Reply
      • Avatar-Nate

        Of this I have no doubt ! .

        I’m in dry as a bone country yet the rear end skitters all oever the damned place any speed above 45 MPH empty .

        I bought some Bilstein HD gas shocks fir it and will hopefully soon have them installed before I wreck it .

        NOTE : all four of the factory radios / DC players are complete crap .

        I dasen’t dare put the nice aftermarket CD players I see in most junkers (under $20OOHOO) because then a crackhead/tweaker will do $2,000 worth of damage to get a $10 radio……

        Dammit .
        -Nate

        Reply
  4. AvatarNoID

    I was given a 2019 Frontier about a year ago during a business trip and had the same general feeling, that this was one of the few remaining trucks on the market that hadn’t succumbed to the “lifestyle” truck trend. I wasn’t certain if this was by design or just a result of Nissan ignoring their truck for too long, but it sure seemed more the former than the latter. If for some reason I needed a truck, but also needed to maintain my regular commute for work, the Frontier would be a hard bargain to pass up.

    Reply
  5. Avatargtem

    I had this same SV/crew/RWD/4.0L as a rental in Vegas two summer ago, a free upgrade from a Sentra-class economy car that I leaped at. Quite frankly, I loved it. that 4.0L feels as strong as a lot of (older) V8s: Nissan tunes a snappy throttle and it feels strong from the bottom on up. Didn’t mind the interior at all. Compared to my short wheelbase+stiffly sprung old ’96 4Runner the Frontier rode like a Cadillac. It’ s all relative. Biggest downside was the horrible turning radius. I miscalculated parking in parking garages again and again.

    I very briefly considered the midsize crew cabs as our replacement utility vehicle but decided that the rear seat space was way too small for kids in car seats+dogs. But if I were in need of a truck for weekend truck things, I’d give a used extended cab Frontier 4WD, with a 6spd bolted to that wodnerful VQ40 a long hard look. Back in 2015 I test drove one of the last new Xterra Pro-4Xs with a stick, man what a riot. Accidentally barking 2nd gear leaving a light. An absolutely delightful beast, way more interesting than a neww 4Runner IMO, although notably cruder to drive and less roomy.

    Reply
  6. Avatarbluebarchetta

    Loved the Baxter piece, particularly the following paragraph. I had to read it twice. It’s the literary equivalent of Buster Douglas’ series of punches that felled Tyson. Bam…bam…bam…and victory.

    “The strength of Gordon’s love and desire was formidable at the time of his writing, but to a young reader raised on our modern “automotive journalism” I imagine it would come across with the force of an F5 tornado. Today’s autowriters can at times appear to be nothing but a group of bloodless, emotionless, sexless illiterates who can conceive of no automotive fantasy other than one in which they are installed as transportation commissar in a future totalitarian state, then given the power to destroy all the things their souls are too small to encompass or comprehend. The only thing they can bring themselves to love is an insipid vision of a deliberately equalized future drawn from Harrison Bergeron as inspiration rather than as cautionary tale. Presented with an extraordinary automobile, their first reaction is to cavil at the cost or clutch their pearls at the environmental implications. Their feckless editorializing can conceive of no higher calling than to limit the freedoms of others: the highest allowable price for a car, the maximum permitted fuel consumption, the fetishistic veneration of speed limits.”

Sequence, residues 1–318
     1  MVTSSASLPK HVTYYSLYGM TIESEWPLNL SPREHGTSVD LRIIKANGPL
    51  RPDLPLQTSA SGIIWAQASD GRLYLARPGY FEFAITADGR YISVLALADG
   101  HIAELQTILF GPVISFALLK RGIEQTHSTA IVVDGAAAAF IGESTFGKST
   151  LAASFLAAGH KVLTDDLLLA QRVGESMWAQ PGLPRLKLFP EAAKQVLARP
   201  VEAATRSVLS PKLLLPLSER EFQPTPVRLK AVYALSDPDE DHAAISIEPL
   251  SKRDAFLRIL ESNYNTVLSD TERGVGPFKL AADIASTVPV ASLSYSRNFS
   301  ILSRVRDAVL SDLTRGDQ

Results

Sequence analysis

Reply
    • Avatarstingray65

      Baxter was a product of an era when schools taught reading, righting, and rithmatic (3 Rs), and that technological progress and limited government were good things. Today’s “journalists” whether in politics, sports, fashion, business, or automobiles are products of schools that focus on woke lessons rather than actual skills such as the 3 Rs, and thus they learn that America is racist and sexist, Capitalism exploits the environment and workers, and only big government can solve problems, which is why we need to ban cars, fossil fuels, nuclear power, guns, police, religion, Constitutional Rights, Republicans, and all the deplorable citizens who support these racist, sexist and exploitive concepts and institutions.

      Reply